It's hard to put a number to the cost of the opioid crisis. But that didn't stop Minnesota’s largest county from trying. After being caught by surprise when various costs started spiking, officials decided to take a hard look at the budget.
Now, more than a year later, Hennepin County officials have laid out an ambitious plan to combat the opioid crisis and its costs. The effort provides insight for countless other localities grappling with the issue.
The exercise, says Hennepin County Deputy Administrator Jennifer DeCubellis, has shown officials the extent of the crisis on government spending. Virtually no major spending category, she says, has been left untouched.
One of the most dramatic examples of this is the changes to the county’s budget for child protection. The $122 million Hennepin County spent in 2016 is double what it was just eight years before. In a single year, reports of child abuse doubled from 11,000 to 22,000. The county has also seen a 70 percent increase in foster care placements in two years. Nine in 10 of those placements are for children under the age of five who have a parent abusing drugs. Last year, those placements cost the county $50 million.
Next year, it’s expected that the number of babies born addicted to opioids in the child services system will grow by 113 percent.
The analysis was extensive. County officials also looked at its health plan, county jails and the medical examiner's offices. For its health plan, which covers roughly 29,000 people, Hennepin spent $16 million in one year on opioids. The money went to emergency department charges, intervention, rehabilitation and other drug abuse-related expenses. Of the 851 people in a recent snapshot of its county jail population, 40 percent of them were there for charges related to opioids. And the medical examiner reported $400,000 in additional spending, mainly due to opioid-related autopsies.
The financial impact quickly adds up for a county that spends $2.3 billion from its general fund. But now that the counting is over, DeCubellis says, the real work begins in terms of better directing resources so that those costs ultimately go down.
For example, the county could keep kids with their parents and reduce child protection costs by devoting more resources to early intervention with mothers-to-be and post-natal care. Such an approach could help reverse the quadrupling of kids available for adoption the county has seen in the past nine years.
Confronting the crisis will mean thinking outside the box, too. The opioid crisis took a record number of lives in the county last year -- despite a massive decline in doctors prescribing opioid painkillers.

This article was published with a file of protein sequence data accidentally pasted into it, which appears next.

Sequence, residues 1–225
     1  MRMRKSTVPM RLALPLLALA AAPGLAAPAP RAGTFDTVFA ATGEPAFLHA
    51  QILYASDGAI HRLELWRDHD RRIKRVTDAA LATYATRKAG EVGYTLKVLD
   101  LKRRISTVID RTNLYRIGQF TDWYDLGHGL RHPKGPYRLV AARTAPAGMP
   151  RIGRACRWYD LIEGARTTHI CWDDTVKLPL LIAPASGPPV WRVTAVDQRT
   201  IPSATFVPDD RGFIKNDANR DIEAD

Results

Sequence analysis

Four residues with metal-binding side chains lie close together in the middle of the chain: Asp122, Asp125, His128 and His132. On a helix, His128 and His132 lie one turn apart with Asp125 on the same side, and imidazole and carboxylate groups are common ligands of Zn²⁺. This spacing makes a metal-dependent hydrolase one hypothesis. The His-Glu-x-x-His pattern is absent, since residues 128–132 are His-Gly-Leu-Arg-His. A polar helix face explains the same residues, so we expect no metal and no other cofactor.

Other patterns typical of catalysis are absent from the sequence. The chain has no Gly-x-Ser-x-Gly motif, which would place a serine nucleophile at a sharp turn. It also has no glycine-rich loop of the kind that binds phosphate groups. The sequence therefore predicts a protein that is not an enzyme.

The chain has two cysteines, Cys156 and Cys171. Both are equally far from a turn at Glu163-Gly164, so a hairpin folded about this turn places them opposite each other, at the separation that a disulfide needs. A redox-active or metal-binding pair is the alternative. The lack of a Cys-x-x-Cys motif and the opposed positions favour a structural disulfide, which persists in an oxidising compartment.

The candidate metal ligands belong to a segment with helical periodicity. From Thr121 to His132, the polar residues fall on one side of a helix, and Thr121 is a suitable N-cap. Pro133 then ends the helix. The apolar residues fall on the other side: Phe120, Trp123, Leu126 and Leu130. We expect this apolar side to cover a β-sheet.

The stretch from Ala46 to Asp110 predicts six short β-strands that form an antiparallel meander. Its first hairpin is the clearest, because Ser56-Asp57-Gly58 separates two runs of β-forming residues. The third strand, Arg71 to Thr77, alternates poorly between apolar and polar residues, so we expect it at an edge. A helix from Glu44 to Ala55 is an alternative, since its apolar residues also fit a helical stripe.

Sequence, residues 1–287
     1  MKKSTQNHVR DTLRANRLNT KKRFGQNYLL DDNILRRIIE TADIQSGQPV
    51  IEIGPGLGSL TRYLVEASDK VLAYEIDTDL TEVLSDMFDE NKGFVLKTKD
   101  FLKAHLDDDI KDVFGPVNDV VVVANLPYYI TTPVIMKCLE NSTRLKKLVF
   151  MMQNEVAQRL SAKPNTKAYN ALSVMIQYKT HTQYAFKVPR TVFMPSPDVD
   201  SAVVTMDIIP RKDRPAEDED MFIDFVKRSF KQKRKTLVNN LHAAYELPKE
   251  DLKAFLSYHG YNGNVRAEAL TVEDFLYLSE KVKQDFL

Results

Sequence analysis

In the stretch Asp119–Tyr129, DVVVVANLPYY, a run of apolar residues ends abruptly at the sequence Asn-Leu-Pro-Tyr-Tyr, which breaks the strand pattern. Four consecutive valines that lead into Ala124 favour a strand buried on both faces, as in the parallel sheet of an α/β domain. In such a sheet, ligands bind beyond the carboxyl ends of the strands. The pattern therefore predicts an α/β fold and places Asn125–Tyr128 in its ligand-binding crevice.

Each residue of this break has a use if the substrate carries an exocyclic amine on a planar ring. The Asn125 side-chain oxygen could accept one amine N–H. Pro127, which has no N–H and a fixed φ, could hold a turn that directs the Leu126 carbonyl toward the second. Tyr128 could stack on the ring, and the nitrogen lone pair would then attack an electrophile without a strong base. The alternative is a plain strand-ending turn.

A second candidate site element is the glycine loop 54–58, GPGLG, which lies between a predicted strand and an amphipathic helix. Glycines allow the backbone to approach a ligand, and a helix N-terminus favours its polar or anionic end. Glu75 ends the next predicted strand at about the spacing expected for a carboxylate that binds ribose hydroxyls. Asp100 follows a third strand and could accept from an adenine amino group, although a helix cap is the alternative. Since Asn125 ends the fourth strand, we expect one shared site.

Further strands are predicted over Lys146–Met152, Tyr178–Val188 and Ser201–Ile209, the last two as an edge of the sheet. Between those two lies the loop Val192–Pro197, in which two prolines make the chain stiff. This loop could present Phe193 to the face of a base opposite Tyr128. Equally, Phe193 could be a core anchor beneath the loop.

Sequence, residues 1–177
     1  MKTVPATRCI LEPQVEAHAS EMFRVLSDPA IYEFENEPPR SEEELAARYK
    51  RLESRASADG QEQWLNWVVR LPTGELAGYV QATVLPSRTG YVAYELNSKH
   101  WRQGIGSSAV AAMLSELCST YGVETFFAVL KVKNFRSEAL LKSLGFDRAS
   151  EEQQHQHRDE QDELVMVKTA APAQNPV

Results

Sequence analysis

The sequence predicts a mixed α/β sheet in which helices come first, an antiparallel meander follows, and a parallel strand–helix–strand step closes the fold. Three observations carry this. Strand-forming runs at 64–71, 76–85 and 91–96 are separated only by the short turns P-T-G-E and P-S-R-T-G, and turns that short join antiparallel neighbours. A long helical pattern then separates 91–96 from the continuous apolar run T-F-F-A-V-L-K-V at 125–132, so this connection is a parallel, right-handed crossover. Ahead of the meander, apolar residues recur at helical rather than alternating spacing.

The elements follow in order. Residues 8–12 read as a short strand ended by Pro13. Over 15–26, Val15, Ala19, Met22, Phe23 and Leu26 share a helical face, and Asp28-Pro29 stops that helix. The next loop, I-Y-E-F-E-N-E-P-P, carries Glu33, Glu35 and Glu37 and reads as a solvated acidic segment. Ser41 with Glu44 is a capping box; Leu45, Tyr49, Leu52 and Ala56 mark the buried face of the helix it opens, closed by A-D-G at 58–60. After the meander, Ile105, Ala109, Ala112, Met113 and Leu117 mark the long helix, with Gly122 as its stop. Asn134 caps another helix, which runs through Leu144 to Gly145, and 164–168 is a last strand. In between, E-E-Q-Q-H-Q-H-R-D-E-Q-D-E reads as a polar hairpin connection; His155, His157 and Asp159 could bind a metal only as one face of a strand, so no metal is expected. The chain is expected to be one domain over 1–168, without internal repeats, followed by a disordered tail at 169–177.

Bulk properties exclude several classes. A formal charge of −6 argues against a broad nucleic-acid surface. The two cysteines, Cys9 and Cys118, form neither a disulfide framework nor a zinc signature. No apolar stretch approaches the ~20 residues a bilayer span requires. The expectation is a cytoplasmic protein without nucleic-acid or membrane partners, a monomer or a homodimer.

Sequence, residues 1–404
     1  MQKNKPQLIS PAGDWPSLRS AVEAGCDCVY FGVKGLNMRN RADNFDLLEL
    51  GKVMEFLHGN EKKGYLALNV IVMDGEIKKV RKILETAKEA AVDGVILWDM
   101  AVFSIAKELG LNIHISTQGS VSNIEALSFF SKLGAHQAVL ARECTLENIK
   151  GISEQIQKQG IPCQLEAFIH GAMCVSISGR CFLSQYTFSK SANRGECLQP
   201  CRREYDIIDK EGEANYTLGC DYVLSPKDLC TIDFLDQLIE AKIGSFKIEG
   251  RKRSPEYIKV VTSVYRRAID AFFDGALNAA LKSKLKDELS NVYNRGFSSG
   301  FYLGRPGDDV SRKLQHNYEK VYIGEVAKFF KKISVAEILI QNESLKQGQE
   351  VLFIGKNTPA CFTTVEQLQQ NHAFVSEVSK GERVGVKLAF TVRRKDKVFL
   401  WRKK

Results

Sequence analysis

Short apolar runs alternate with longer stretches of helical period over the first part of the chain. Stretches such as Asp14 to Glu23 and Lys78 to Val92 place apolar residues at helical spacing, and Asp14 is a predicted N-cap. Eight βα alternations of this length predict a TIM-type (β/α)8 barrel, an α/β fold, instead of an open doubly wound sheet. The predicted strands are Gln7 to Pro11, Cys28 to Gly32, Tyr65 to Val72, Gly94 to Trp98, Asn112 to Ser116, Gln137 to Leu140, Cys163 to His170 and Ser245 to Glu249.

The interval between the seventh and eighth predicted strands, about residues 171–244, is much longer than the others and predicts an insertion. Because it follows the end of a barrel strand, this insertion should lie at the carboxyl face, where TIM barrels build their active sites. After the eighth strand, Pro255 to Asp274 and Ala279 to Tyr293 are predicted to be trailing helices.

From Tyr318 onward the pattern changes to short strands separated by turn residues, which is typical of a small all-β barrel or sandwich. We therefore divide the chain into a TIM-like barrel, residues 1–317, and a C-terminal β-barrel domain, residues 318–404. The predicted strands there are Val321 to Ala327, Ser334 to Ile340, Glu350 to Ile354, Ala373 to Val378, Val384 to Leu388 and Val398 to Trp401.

“Right now, we’re kind of nibbling around the edges,” DeCubellis says. “You can’t just focus on opioids. Ultimately, we need to have better support and services in our community to begin with.”
Other headlines in public finance this week:
More Pension Reform in Kentucky
Lawmakers in the Bluegrass State unveiled a long-awaited pension reform proposal this week after a previous version was summarily rejected last year. This marks Kentucky’s third time it is reforming its pension in the past decade. While this proposal does not mandate 401(k)s for employees, it does promise full funding of teacher pensions in exchange for reduced cost-of-living raises for retirees and puts future teachers into a hybrid 401(k)/pension plan. The proposed changes are similar to what was done for the state’s public employees plan five years ago.
The kicker is how the state will pay for the increased funding: across-the-board spending cuts of more than 6 percent and the elimination of 70 state programs. That had retirees this week urging lawmakers to consider tax reform as a way of generating revenue. And S&P Global Ratings, noting that the “reductions will be felt across all levels of government,” opined that the proposal is likely to face resistance.
Stopping the Brain Drain
Tax credits for brains? That’s the idea behind a proposal making its way in through the Mississippi Legislature. The bill incentivizes young, talented workers to stay in the state after college by giving them a three-year income tax exemption. It also allows for two additional years of the exemption for graduates who buy residential or commercial property in the state, start a business ot hire employees and teachers. The bill is an unusual approach to addressing Mississippi's brain drain. But on its own, it’s questionable how much impact it could given that the state is lacking the thriving, metropolitan areas that millennials crave.
How Slow Can You Go?
After tax reform spurred a wild December in the municipal bond market, all signs are pointing to a dull 2018. Analyst projections on new issuance are all over the place, ranging from a mild 8 percent drop off to a staggering one-third decline this year. However, says a CUSIP Global Services report released this week, historical data trends and recent changes to the tax code “suggest the drop off will be steep.” The combination of federal tax reform changing the rules plus steadily increasing interest rates, the report says, will likely make it more expensive for governments to issue new debt this year.
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